The following weekend, Brown was likely back with the Shepp sextet, their January 30th performance rounding out a month’s worth of Guild-sponsored concerts at the Contemporary Center. On February 12th, Shepp and Brown were back again. While the 13th, Brown found himself again filling the alto spot in the Bley-Mantler Quintet.
As advertised in the Village Voice, these Jazz Composers Guild concerts cost patrons only a $2 donation. When spread amongst 5 or more people, this did not amount to much. However, it’s worth noting that whatever the failures of interpersonal dynamics of the Guild, conceptually, it was on point. These weekly gigs represent some of the steadiest work that Brown ever had, and particularly in the competitive atmosphere of New York City. While the money may not have been much, it was something you could count on.
On February 16th, Brown entered Rudy Van Gelder’s famous studio in Englewood, New Jersey to make his first professional recordings, a second session for what would become Archie Shepp’s Fire Music. Pared down from a septet to a sextet, the only holdover from December’s aborted session were Shepp, Brown, and Reggie Johnson. In the trumpet chair was Ted Curson, the trombonist was now Joseph Orange and Joe Chambers the drummer. It’s unclear exactly when some of these personnel turnover occurred, but it’s likely that the January gigs were something of a proving ground for the emerging line-up. Nevertheless, this time the group tackled fewer pieces altogether, four as opposed to seven, with the number of Shepp originals whittled down to two. These choices point to the limited amount of rehearsal in the lead-up or the late addition of these new members of the band.
DESCRIBE PIECES. One of Shepp’s original compositions, “Hambone,” provided Brown space for a solo statement. Over an unusual 6/8 vamp, Brown DESCRIBE SOLO. down beat reviewer X singled out Brown’s solo in his review of the LP, Brown’s first exposure to a greater public.
ASSAINATION OF MALCOLM X. BARAKA and BLACK ARTS.
Saturday, February 27th found Brown back at the Contemporary Center with Shepp, while the following day found Brown included in an open rehearsal of the Jazz Composers Guild Orchestra. The large ensembles featured Mike Mantler (tp), Joseph Orange and Roswell Rudd (b), Steve Lacy (ss), Marion Brown, Lee Konitz, Jimmy Lyons and John Tchicai (as), Sam Rivers (ts), Fred Pirtle (bs), Buell Niedlinger and Alan Silva (b), Lowell Davidson and Carla Bley (p), Paul Motian (d). As the group worked through a pair of pieces by Bley and Mantler (“Radio” and “Communications No. 4 (Day)” respectively), Brown’s inclusion in a distinguished alto section may have been due to his familiarity with the pieces or their music in general. The occasion would signal the end of Brown’s involvement with the duo.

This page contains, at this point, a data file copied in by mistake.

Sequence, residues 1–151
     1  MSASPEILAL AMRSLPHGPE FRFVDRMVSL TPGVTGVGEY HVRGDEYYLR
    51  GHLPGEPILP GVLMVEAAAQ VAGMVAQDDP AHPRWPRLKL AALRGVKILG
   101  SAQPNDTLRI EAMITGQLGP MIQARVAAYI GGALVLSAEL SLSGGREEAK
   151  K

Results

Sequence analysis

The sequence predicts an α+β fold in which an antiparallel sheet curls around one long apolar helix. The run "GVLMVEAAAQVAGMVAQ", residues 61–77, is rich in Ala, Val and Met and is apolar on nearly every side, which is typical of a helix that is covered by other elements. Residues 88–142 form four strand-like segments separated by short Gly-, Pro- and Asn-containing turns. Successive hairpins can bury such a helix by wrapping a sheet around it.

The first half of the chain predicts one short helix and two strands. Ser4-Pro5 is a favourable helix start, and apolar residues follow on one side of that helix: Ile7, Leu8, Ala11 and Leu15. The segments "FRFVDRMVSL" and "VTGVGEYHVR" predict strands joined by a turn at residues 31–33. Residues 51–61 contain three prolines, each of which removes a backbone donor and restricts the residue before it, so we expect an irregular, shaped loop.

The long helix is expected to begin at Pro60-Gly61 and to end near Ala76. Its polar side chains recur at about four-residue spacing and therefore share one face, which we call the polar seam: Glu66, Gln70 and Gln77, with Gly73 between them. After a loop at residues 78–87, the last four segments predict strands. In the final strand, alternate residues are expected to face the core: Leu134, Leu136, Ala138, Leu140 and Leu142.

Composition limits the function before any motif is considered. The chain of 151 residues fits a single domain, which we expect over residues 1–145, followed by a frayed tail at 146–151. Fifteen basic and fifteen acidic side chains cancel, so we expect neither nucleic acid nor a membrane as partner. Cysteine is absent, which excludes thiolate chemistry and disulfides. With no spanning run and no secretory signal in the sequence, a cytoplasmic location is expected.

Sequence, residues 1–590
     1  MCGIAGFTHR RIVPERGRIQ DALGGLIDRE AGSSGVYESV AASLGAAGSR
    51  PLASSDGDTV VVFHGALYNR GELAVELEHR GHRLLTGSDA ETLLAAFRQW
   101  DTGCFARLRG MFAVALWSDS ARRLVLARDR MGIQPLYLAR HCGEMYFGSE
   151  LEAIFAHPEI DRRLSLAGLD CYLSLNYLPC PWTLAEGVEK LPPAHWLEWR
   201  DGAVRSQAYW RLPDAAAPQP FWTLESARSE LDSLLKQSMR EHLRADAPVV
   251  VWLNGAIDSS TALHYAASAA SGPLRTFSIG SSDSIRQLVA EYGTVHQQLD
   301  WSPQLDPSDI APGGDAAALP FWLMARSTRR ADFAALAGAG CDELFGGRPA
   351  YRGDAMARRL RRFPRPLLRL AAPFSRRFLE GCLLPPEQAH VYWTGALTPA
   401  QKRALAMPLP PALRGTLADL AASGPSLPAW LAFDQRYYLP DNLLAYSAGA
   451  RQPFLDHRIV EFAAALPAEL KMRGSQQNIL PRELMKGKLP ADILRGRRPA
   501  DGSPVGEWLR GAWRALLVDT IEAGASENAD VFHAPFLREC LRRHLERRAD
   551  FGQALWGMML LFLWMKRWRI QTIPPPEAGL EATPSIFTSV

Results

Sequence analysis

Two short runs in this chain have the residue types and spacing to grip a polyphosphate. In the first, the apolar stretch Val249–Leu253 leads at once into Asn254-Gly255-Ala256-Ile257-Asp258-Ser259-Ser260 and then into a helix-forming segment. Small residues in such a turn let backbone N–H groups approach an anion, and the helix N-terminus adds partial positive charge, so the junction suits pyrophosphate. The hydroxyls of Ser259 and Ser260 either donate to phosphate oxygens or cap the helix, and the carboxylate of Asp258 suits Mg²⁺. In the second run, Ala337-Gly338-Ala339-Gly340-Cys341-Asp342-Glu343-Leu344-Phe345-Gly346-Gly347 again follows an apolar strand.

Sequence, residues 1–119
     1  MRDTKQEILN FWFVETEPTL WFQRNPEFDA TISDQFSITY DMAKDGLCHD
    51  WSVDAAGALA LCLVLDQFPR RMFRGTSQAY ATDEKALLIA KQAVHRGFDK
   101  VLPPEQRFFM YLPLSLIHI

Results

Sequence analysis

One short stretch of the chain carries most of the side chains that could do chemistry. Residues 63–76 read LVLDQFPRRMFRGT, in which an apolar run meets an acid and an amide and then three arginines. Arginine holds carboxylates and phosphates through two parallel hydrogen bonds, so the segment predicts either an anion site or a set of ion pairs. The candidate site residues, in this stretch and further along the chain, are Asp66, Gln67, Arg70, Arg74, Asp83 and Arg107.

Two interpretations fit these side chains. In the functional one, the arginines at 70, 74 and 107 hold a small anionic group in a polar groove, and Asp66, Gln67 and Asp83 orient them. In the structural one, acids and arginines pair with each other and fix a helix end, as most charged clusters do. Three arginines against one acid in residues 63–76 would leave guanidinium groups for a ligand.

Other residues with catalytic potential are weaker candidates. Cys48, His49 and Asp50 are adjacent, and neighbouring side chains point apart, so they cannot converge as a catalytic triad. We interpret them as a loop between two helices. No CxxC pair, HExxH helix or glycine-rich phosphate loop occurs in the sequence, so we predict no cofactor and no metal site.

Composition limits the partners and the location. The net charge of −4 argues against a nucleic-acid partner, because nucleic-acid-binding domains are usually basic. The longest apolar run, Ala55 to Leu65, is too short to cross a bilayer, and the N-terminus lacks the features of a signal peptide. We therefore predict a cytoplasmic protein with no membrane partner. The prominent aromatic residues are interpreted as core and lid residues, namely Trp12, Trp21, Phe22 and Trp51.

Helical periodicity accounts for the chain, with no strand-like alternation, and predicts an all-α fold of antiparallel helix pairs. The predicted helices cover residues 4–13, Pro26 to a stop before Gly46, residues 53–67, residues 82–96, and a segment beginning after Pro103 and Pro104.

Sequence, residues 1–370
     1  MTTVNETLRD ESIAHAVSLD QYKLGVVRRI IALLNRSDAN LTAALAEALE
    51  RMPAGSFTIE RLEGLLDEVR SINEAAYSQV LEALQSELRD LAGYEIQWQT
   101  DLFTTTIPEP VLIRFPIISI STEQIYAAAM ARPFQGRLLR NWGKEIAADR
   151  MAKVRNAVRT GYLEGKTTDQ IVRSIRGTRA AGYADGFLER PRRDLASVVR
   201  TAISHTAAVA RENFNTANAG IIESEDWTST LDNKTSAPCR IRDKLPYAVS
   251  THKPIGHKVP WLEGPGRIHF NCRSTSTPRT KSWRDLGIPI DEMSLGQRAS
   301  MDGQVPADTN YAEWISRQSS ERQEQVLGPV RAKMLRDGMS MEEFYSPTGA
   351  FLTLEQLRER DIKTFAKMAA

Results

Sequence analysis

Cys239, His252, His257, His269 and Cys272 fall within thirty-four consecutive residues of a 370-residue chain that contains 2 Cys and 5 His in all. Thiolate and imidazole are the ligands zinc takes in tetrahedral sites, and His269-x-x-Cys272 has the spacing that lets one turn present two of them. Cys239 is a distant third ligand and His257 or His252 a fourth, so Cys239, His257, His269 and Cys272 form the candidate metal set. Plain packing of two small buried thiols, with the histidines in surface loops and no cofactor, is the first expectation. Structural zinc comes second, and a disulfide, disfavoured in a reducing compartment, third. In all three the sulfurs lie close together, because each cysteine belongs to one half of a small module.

As his involvement with Bley and Mantler came to a close, a new chapter with the Sun Ra Arkestra was in full blom. Remembered as perhaps the most profound musical association of his early days in New York City, early 1965 saw Brown and Pharaoh Saunders daily at the E. 3rd St. apartment that was the home of the Arkestra. Arriving every morning at about 9 a.m., the pair would hang until rehearsals began. Working through a vast repertoire of Sun Ra’s unique vision, Brown watched spontaneously improvised orchestral music come to life. Though the length of Brown’s association is unknown, he would speak proudly of it for the rest of his life. Reflecting in the early 70s, Brown felt that Sun Ra had given him the self-confidence and independence to become a leader. PHAROAH BLACK HAROLD RECORD FROM JUNE 64, SO POSSIBLY MUCH EARLIER.
That momentous occasion did not lag far behind. On March 1st, Brown was invited to perform at an Improvisation Jazz Dance Party for the benefit of the Black Arts that LeRoi Jones (now Amiri Baraka) had founded. At the Polish National Hall on St. Marks, alongside Giuseppi Logan Duo, The HARYOU Player, The TBA Band and the Pharoah Sanders Quintet, Brown made his debut as the leader of his own quartet.
While Brown as sole leader in public performance was a new concept, the idea had already been on Brown’s mind. Earlier, on February 21st, Brown had been back in Washington D.C. leading a recording session for a piece called, “Farrell’s Tune,” composed by Pharoah Saunders (whose birth name is Farrell). A 7 ½ ips, dual mono copy with a tape box in Brown’s hand ended up in the collection of Sirone. It featured a rather unusual lineup, both instrumentally and in terms of personnel. All of the players have no further record, though they were likely players on the local scene that Brown would presumably still have been familiar with. With Brown on alto saxophone, the group also featured Freddy Michael (trumpet), Roland Homer (trumpet), Eddie Wynn (flute), Ronald Martin (drums). Unfortunately the tape box gives a tantalizing glimpse at what is perhaps no more, as Sirone unfortunately reused the tape to record himself sometime in the 1970s.
By March 12th and 13th, Brown was familiar enough with the Arkestra’s working method to be invited by Sun Ra to perform with them at what is his only documented appearance (again at a Contemporary Center Guild event). Billed as “A space age presentation of Hieroglyphics in sound,” the Arkestra also featured stalwarts Marshall Allen and Pat Patrick alongside Brown, Saunders, and another newcomer, Danny Davis. An alto player from ???, Davis’s arrival with the band coincided the beginning of Brown and Saunders relationship. WHAT DID SUN RA SOUND LIKE IN 1965?